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Should You Use a Bridge Device in Your Rehab Practice?

The process of detoxing from opioid addiction is painful and difficult.

It is often described as the "worst flu you've ever had." Common withdrawal symptoms include body aches and pains, anxiety, restlessness, nausea, vomiting, and diarrhea. 

Most addicts decide that the suffering isn't worth it and give in to the urge to take another dose. So, what if there was a way to reduce these symptoms?

There is. It's called the Bridge Neurostimulation System.

By incorporating the Bridge device into your practice and marketing it effectively, you can drive leads right to your door.

Keep reading to learn more.

What Is the Bridge Device?

The Bridge is a prescribed device that attaches to the patient's earlobe. It delivers gentle pulsations to decrease the pain associated with the withdrawal process.

It's a gentle neuro-stimulation system (NSS) device that a qualified provider fits behind the patient's ear. The needle arrays attach to specific points on the earlobe.

The Bridge's pulsations target the amygdala, the place in the brain where fear originates. Researchers have found that opioid users experience loss of neural connections in the amygdala. This area of the brain drives the feelings of drug cravings and dependence.

Once attached, the patient wears the device, which is about the size of a hearing aid, for four to five days, during the period of greatest pain.

The pulsations aid in the reduction of withdrawal symptoms in as little as 10 minutes.

Patients report that the period of wearing the Bridge device is quick and painless.

An Alternative to Medication

The Bridge device offers a less risky, non-narcotic alternative to combating addiction and opiate withdrawal symptoms.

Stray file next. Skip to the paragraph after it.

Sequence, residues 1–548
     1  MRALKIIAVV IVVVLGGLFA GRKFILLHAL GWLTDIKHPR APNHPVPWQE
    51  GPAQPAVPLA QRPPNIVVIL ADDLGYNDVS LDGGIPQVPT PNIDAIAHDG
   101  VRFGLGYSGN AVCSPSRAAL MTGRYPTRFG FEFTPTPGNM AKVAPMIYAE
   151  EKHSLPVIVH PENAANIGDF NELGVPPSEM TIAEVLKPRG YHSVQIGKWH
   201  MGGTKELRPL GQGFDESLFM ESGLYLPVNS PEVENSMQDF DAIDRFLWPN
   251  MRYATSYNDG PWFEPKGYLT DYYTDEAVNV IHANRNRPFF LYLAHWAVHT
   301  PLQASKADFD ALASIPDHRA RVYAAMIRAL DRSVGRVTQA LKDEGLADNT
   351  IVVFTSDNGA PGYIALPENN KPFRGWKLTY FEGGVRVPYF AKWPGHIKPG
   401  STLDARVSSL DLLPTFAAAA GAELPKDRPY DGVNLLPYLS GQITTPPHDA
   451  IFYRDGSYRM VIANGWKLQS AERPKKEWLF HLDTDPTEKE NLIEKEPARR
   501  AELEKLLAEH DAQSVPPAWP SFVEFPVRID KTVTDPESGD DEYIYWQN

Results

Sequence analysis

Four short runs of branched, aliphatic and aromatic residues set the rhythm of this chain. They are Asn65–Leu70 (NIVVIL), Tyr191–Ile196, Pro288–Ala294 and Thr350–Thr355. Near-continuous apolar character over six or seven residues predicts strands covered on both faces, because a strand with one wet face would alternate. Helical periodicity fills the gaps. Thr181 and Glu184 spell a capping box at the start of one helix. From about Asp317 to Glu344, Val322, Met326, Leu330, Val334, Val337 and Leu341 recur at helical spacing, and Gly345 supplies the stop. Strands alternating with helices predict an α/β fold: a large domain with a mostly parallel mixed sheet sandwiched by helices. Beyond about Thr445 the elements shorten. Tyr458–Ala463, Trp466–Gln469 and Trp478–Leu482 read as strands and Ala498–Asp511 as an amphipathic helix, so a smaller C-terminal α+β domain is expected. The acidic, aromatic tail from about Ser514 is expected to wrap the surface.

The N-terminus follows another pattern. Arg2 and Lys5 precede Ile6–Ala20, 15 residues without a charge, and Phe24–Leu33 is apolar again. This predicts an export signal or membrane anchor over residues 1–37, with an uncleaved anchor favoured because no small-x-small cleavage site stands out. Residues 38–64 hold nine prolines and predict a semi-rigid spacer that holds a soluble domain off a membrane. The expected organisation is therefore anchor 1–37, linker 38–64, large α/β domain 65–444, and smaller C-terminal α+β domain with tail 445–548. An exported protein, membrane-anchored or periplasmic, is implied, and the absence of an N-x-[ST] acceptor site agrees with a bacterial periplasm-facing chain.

With medicine-assisted treatment, a patient has to complete their initial detox period before a doctor will prescribe medication.

These medications do reduce narcotic withdrawal symptoms and reduce cravings. But some professionals see them as swapping one drug for another.

Medicine-assisted withdrawal is also expensive.

The U.S. Department of Defense reports that the costs associated with these drugs can range between $6,000 and $14,000 per year.

To better understand how significant these expenses are, let's compare them to the costs of other conditions. The average annual cost of care for individuals with diabetes is $3,560 while caring for kidney disease averages at $5,624.

If the addict rebounds, that's thousands of dollars washed down the drain.

The Bridge device costs patients an average of $500.

So far, the only negative effects reported by Bridge users are skin irritation and a small amount of bleeding where the device rests.

Is It Right for Your Business?

It's difficult to navigate the withdrawal and detoxification process, and less pain during detox means more successful outcomes.

Incorporating the BRIDGE device into your practice is a smart way to increase these positive outcomes. Marketing it in your practice can push you to the top positions of search results.

Let us help you with a fully managed marketing strategy that includes SEO, website design, rehab content development, online PR, and more. Take the first step and contact us today!